Sunday, September 11, 2016

Not in the Mood

An overlooked aspect of Christianity in the English-speaking world: churches are one of the few places where the subjunctive mood can be heard regularly.

Few are conversant with the grammatical definition, but the subjunctive mood is easily recognizable when it is used.

The Lord be with you.The Lord is with you.
God bless America.God blesses America.
Heaven forbid.Heaven forbids.
God shed his grace on thee.God sheds his grace on thee..

Rules about the subjunctive can be quite involved, and one is likely to be called a fuddy-duddy if one insists on following them. Furthermore, over-use risks losing the younger audience:
Should churches regularly update their translations, keeping the religion fresh and relevant, or preserve tradition and authenticity? The debate is as old as the faiths themselves....The practical answer is that young people and new converts should study in their own vernaculars. As they progress in the faith they can get closer to the original through study.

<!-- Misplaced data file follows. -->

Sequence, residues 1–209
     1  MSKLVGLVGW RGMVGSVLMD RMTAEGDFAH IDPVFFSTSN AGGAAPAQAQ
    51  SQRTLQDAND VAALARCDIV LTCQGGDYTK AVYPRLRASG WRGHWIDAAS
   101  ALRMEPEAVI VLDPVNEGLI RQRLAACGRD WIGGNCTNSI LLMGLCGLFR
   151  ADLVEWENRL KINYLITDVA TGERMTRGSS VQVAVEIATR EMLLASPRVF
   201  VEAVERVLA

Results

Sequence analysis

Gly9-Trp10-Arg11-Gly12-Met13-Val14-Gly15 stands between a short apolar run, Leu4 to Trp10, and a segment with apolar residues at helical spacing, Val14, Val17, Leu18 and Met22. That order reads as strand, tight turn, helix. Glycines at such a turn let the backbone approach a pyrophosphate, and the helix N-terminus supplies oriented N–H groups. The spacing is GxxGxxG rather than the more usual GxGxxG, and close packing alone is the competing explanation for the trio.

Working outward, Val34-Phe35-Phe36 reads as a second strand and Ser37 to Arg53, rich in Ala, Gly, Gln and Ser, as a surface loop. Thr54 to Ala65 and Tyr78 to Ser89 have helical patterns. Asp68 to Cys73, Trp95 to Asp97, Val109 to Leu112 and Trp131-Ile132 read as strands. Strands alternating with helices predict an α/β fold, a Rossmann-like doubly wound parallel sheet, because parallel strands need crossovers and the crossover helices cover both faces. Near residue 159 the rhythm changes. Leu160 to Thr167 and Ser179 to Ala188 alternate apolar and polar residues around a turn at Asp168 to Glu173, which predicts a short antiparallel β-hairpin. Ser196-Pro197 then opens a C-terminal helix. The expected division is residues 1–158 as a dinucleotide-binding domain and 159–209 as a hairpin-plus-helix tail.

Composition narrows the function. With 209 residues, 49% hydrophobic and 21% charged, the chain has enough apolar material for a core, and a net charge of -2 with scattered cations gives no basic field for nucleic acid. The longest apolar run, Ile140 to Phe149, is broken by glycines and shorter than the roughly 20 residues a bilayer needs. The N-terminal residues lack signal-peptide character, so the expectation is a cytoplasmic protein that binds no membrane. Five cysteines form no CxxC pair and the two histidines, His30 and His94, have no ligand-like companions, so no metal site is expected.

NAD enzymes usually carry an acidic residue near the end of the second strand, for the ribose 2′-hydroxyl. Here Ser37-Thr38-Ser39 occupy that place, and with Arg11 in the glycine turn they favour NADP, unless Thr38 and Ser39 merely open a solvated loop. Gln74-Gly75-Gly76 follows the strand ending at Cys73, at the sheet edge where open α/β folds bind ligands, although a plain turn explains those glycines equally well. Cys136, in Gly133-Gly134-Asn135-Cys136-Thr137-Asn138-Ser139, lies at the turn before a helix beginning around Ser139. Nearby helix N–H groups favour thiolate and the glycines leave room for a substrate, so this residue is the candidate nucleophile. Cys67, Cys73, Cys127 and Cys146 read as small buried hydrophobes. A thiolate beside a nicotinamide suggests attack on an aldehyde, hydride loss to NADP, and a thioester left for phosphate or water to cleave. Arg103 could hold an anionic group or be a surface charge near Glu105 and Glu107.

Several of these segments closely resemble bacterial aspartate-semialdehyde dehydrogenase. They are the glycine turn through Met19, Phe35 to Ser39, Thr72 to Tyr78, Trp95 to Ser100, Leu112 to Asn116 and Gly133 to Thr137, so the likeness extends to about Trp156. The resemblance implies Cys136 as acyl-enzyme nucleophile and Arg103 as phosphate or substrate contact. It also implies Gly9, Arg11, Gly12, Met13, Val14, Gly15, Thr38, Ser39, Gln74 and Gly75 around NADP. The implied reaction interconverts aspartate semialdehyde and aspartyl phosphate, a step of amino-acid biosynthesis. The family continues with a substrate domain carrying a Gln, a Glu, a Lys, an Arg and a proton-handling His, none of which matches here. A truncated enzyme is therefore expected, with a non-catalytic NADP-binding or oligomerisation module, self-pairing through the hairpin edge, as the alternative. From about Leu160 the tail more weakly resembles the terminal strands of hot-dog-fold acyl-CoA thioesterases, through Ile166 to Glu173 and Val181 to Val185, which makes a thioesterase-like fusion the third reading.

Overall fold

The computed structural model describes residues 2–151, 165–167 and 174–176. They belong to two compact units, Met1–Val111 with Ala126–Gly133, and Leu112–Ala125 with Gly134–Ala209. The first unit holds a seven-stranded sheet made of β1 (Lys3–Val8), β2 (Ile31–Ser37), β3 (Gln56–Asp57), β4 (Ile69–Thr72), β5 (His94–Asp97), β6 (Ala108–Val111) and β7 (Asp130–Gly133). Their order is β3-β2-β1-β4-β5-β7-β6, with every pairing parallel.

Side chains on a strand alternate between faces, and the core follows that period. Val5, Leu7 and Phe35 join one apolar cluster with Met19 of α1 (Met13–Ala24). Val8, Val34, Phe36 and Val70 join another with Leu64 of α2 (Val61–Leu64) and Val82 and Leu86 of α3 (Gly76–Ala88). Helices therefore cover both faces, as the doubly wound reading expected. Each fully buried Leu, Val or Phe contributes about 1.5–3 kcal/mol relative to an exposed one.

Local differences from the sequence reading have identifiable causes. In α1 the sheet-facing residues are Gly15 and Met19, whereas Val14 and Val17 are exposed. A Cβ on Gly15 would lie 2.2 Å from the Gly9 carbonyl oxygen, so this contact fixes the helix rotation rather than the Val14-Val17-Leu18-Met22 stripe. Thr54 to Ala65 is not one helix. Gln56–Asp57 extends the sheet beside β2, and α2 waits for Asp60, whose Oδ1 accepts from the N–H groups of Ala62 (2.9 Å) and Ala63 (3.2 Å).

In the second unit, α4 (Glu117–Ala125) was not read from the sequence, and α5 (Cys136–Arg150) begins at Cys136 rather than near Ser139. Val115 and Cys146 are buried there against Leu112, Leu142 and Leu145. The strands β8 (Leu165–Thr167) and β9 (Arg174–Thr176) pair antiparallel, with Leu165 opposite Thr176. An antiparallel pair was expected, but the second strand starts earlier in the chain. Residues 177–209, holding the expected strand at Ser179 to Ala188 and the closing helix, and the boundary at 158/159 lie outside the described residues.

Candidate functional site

Personally, I like the formal--some say musty--sentence construction because it reminds me of my youth. It's inevitable, however, that as we fade away so will our language.

As it was in the beginning, is now and ever shall be, world without end. Amen.

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